16 September 2019

There are two legal principles that can have important unintended results when you die without making a Will – especially if you are married/civil partnership.

The first is one that you are probably aware of is that joint assets pass by survivorship. This means that if you die first and have for example a joint bank account with your spouse or partner they will automatically inherit the account on your death. What is wrong with that you may think, it is nice and simple and gives me the outcome that I want. Even if that is true be aware!

What many people do not realise is there is a second principle that can cause all sorts of unforeseen problems if you have not made a Will especially if you think there is no need when you own everything jointly! Under section 1984 of the Law of Property Act 1925 there is a presumption that the oldest person died first if the order of death is uncertain.

A recent High Court judgement in the case of Scarle v Scarle perfectly, yet tragically, illustrates the effect of these two principles together. The couple both died from hypothermia in their home and there was not enough evidence that would rebut the application of this second principle. This resulted in the wife, as the younger of the two, inheriting their joint assets by survivorship. This included their home and cash.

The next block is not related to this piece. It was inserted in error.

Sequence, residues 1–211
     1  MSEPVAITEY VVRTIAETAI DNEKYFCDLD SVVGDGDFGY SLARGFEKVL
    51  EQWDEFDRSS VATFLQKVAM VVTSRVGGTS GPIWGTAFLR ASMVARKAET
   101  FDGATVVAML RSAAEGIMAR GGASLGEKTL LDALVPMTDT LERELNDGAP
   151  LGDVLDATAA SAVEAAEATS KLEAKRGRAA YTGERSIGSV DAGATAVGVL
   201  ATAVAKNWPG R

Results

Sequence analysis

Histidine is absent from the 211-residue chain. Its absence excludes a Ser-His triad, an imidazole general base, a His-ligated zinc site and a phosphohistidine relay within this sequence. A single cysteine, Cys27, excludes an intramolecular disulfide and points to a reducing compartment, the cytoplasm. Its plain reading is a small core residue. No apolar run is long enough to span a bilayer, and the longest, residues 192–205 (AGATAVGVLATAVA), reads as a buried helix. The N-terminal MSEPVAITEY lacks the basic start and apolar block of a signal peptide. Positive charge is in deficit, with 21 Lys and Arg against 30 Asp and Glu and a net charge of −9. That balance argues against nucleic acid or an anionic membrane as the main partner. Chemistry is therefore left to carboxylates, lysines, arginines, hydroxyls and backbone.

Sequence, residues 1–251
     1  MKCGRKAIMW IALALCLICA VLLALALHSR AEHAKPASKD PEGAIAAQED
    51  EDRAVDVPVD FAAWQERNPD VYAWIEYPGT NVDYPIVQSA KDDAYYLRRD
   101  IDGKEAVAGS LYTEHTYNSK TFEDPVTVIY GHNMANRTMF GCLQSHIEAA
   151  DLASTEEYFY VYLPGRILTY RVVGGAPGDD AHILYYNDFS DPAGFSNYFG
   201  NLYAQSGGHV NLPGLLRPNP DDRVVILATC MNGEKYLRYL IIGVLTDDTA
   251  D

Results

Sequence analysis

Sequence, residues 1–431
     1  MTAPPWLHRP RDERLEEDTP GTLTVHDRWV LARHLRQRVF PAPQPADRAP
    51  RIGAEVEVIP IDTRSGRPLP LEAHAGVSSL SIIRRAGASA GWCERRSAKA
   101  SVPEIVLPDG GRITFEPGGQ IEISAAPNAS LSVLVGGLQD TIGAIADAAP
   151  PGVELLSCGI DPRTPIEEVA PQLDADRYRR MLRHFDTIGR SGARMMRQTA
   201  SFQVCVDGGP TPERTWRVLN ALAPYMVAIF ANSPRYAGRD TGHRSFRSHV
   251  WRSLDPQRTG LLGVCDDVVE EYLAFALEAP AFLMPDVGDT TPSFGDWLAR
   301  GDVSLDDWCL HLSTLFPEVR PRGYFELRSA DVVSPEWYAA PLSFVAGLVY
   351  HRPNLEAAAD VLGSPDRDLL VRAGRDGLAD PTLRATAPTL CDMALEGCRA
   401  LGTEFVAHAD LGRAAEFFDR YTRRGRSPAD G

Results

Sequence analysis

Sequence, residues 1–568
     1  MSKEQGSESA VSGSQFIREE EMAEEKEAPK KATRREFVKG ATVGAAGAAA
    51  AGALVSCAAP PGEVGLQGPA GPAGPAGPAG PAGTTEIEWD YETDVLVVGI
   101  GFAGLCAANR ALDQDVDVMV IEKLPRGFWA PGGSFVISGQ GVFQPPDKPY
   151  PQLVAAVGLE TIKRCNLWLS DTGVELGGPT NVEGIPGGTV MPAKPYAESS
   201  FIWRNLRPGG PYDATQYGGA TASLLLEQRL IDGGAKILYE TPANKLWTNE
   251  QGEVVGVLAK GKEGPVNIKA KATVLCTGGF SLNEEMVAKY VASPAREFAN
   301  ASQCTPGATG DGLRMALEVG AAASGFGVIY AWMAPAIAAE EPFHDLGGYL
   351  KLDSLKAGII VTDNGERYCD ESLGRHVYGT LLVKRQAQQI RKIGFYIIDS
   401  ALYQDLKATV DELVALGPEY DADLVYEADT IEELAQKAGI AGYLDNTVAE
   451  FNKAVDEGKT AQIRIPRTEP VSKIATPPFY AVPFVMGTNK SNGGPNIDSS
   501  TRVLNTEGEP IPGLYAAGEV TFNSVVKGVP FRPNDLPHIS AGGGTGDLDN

Where is the problem? They did not have any children together, only a child each from a previous marriage. This resulted in the wife’s daughter inheriting all her mother’s estate under the intestacy rules including the joint assets and the husband’s daughter not receiving anything from those joint assets.

If they had made a Will they could have received advice on how their wishes could have been best achieved and in particular if they wanted their children to each receive an equal share.

For more information contact Natalie Mason on 01929 500323 or or visit our Wills and Trusts page